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A New 710 Freeway Will Bring No Traffic Benefits

August 03, 1989

The evidence is starting to come in and be heard. The completion of the 710 Freeway will not only be devastating and destructive, but will not substantially relieve any traffic problems.

New transportation studies show that if the 710 Freeway is completed through El Sereno, Pasadena and South Pasadena, it will operate at level "F" the day it is completed. That means "severe congestion." The same studies show, if the freeway link is completed, it will increase the amount of traffic on the 210 Freeway, the San Bernardino Freeway and California Boulevard, which is a main thoroughfare through Pasadena. More traffic, more congestion!

In a recent article by White House Fellow Richard Sybert, he called for charging fees for usage of highways during peak hours. He also wisely pointed out we need more parks, trees, schoolyards and public places, not more concrete and fumes. The 710 extension will destroy 7,000 trees and run side-by-side with three schoolyards where children will live and breathe high concentrations of lead.

Even top transportation bureaucrats understand the future lies in alternative solutions to relieving congestion, not paving our way out of it. Caltrans Director Robert Best recently said: "In Los Angeles, there's no more room for new freeways, and the next advance has to be technological." U.S. Secretary of Transportation Samuel Skinner is currently involved in a massive public outreach program. He's touting double-decking existing freeways in L.A. and high-speed methods of transportation.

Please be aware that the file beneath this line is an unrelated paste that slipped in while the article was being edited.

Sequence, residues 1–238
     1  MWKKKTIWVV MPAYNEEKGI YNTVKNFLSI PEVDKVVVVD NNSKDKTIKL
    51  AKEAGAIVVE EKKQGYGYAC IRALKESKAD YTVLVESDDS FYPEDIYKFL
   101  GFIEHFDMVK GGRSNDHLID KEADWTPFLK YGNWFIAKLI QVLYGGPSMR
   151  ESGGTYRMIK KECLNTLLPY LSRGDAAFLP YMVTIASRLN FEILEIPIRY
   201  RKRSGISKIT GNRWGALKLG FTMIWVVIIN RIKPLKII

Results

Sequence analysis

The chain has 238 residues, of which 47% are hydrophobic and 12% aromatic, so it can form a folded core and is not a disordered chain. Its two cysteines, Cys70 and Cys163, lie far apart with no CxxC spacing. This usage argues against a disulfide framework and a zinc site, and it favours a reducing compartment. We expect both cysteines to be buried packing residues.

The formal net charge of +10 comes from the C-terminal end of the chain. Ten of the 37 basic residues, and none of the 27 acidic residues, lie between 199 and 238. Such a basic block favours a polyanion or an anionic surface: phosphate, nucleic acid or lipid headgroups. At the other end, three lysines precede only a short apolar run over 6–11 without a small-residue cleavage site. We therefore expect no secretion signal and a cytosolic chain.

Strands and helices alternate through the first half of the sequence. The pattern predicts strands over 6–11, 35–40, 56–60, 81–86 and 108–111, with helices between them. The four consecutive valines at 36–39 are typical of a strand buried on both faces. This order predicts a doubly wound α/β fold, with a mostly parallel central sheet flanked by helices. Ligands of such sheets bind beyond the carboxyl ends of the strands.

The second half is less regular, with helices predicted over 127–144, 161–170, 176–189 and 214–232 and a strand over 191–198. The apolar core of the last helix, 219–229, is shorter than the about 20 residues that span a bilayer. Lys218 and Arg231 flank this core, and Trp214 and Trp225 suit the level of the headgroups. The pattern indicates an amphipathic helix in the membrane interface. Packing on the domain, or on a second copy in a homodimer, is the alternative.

UCLA Transportation expert Martin Wachs estimates the 710 extension may cost more than $1 billion, possibly $3 billion or $4 billion.

Caltrans will tell you the cost is $425 million. They continue this low-ball figure in order not to alarm taxpayers. It's basing its numbers on ancient history. All it need do is look at the Century Freeway and the billion-dollar-plus price tag.

Alhambra Mayor Michael Blanco and L.A. City Councilman Richard Alatorre are encouraging San Gabriel Valley cities to support a freeway through their neighborhoods. Alatorre is vehemently for this freeway despite the destruction to low-cost housing in his East Los Angeles community. He has not been responsive to grass-roots opposition. Blanco believes Alhambra's traffic congestion problems will be alleviated, but studies show the relief will be temporary.

There must be alternative solutions to easing traffic congestion rather than uprooting lives, bulldozing homes and trees and destroying neighborhoods.

EVELYN FIERRO

mayor pro tem,

South Pasadena

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